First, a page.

Published on April 28, 2014
As evidenced by the bloody stump visible on the left side of the carcass, someone has cut away the flipper from this dead blue whale on the beach in Trout River.
Mark Tsang photo
Published on April 28, 2014
A passerby is seen standing next to a dead blue whale in Trout River.
Mark Tsang photo
The Department of Fisheries and Oceans says it will likely be up to the local and provincial governments to find a way to dispose of rotting blue whale carcasses on the shorelines near Trout River and Rocky Harbour.
There are now three of the mammoth marine mammals beached in the vicinity, including one on the beach near Bakers Brook just north of Rocky Harbour.
The whale in Trout River is about 85 feet long and could weigh as much as 80 tonnes. The other two are similar in size and will be just as difficult to remove before the odour and other hazards associated with decomposition become a bigger problem.
While Jack Lawson, a research scientist with DFO's Marine Mammals Section, said the onus usually falls to the municipality — if it is affected — and then the province, whoever moves these particular whales must obtain a special permit from DFO.
“Under the Species At Risk Act, the blue whale is listed as endangered, so we have to provide someone with a Section 73 permit, which would allow them to collect or dispose of these animals,” Lawson said in an interview Monday.
Such a permit would be given to governing authorities, but the whale located in Trout River has already been subjected to an unauthorized removal of sorts. Someone has taken the liberty of sawing off one of the animal’s fore flippers without obtaining the required permit to do so.
“Anyone possessing these parts is actually committing an offence and I would discourage people from doing such collections,” warned Lawson.
Besides getting into legal trouble, there are a raft of health concerns with being in contact with — or even close proximity to — a rotting whale of any sort, whether it’s an endangered species or not.
Chance of falling in
Besides all of the various bacteria and viruses a dead whale can carry, some of which are airborne, Lawson expressed concerns about images of people walking up on the bloated throats of the blue whales. He said the decomposition gases causing the swelling could soften the connective tissues of the carcass and someone walking on it could fall into the corpse.
Given the size of the whales and the fluids and other hazards that would be inside, Lawson said someone could suffer a rather nasty demise if they ever fell inside a large, decomposing whale.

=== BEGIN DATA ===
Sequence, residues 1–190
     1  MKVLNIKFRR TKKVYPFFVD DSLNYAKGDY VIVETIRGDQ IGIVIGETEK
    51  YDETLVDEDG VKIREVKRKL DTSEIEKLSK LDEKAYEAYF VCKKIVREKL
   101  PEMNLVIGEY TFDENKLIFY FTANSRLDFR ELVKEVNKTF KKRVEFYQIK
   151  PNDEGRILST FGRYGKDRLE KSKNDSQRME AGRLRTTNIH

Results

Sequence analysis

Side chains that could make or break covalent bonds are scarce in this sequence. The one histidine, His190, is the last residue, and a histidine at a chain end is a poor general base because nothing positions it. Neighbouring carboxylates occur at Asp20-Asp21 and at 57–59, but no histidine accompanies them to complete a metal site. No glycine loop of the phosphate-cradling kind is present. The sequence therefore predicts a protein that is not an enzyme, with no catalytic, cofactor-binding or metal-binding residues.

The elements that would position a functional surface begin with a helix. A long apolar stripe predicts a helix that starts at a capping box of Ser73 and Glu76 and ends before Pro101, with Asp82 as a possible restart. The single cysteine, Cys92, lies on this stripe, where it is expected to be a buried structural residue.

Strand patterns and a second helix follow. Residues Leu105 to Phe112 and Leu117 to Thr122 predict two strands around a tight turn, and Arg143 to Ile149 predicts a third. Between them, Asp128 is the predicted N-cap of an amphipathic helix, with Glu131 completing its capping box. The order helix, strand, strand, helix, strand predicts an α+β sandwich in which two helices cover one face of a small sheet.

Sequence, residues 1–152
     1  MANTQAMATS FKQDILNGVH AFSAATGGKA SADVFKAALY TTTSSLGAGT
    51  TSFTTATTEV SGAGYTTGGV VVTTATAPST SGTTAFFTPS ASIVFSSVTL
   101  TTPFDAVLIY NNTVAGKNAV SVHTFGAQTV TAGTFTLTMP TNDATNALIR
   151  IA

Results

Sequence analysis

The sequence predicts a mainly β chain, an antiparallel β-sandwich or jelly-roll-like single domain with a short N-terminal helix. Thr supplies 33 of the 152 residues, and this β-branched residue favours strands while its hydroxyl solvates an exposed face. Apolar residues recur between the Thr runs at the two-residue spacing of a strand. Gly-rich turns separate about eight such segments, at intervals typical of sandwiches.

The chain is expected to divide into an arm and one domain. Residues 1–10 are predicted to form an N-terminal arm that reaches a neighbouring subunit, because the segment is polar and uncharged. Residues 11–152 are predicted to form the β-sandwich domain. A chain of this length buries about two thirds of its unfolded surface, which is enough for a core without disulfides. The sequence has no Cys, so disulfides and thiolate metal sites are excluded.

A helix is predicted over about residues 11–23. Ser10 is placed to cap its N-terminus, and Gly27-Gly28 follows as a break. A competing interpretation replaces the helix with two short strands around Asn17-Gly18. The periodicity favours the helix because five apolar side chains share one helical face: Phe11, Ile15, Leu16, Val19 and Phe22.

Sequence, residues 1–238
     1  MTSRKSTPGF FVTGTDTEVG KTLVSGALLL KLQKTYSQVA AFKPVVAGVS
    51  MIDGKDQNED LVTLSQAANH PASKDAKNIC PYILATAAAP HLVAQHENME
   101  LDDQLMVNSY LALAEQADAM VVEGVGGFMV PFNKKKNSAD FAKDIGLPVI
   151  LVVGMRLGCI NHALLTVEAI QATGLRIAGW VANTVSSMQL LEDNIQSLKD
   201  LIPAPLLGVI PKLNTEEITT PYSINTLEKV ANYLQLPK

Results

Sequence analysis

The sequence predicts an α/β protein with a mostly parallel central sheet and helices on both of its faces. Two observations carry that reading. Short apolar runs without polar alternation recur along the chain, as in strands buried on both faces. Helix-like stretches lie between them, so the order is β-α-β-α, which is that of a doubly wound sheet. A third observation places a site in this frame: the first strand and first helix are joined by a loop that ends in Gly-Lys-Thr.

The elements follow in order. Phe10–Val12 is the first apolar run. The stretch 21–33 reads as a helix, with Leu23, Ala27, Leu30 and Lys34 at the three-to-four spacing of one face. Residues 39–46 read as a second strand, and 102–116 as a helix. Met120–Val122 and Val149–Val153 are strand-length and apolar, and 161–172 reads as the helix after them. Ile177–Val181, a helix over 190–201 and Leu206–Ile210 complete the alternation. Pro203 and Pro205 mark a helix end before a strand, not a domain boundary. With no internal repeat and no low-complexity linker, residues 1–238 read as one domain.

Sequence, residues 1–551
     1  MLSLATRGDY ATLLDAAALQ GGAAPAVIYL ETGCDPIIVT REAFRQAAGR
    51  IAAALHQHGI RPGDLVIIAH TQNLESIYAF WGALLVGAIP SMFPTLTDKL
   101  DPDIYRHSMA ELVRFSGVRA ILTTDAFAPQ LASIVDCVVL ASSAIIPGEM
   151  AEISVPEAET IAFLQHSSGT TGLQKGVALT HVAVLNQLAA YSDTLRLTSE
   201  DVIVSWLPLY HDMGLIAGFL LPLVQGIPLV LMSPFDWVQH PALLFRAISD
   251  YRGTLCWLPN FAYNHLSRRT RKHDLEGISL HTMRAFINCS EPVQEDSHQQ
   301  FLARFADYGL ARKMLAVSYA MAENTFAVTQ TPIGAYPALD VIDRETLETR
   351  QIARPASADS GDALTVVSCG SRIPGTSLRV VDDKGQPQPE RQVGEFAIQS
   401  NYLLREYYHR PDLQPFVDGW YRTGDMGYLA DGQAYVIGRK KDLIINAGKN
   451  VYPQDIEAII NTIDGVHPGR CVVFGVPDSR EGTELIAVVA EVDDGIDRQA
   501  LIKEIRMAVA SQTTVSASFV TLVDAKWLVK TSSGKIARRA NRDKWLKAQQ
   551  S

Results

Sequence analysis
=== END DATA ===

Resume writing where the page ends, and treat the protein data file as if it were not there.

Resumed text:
“I have had the experience of falling up to my waist into a rotten pilot whale before and it’s not very nice,” he said.
Getting rid of the carcasses will inevitably involve heavy equipment. Lawson said the options include burying the bodies in a deep trench nearby or hauling them away to a more remote location where nature can continue the decomposition process without as much bother to humans.
It is likely that the whales will have to be broken into pieces in order to be removed from the beaches, noted Lawson.
Despite the lingering hazards and offensive odours the advanced decomposition will bring, Lawson said the removal process may be easier if nature is permitted more time to soften up the remains before they are cut up and taken away.
Whatever is decided, Lawson said DFO will provide whatever expertise and advice it can.
Even after the animals are removed, Lawson said people will need to continue being mindful of any residual contamination of these areas from fluids leaking from the rotting whales. For instance, mussels in these areas might become tainted.
“I do feel great sympathy for the people who have an 85-foot dead mammal sitting on their beachfront,” said Lawson. “That’s not good at all.”
There has been some interest, according to Lawson, expressed in obtaining the blue whale skeletons for display in a museum.
He would love to see that happen in this case, but said DFO would expect such an interested party to shoulder the cost of collecting and processing the skeleton.
Similar endeavours to recover blue whale skeletons for display elsewhere, said Lawson, have cost more than $250,000 to carry out.
“It would be a very nice thing for people to get to see (the skeleton of) an animal that’s one of the biggest things that has ever lived,” he said.
The three beached whales are believed to be among a group of nine blue whales first found dead on the coast of southwestern Newfoundland earlier this spring.
Four more dead whales were visible in the slob ice off the Rocky Harbour area last week and Lawson believes they may have moved further offshore with that ice.
Since the whale in Rocky Harbour has now deflated, Lawson hoped the others still at sea have also collapsed and sunk below the surface so they are not obstacles to navigation.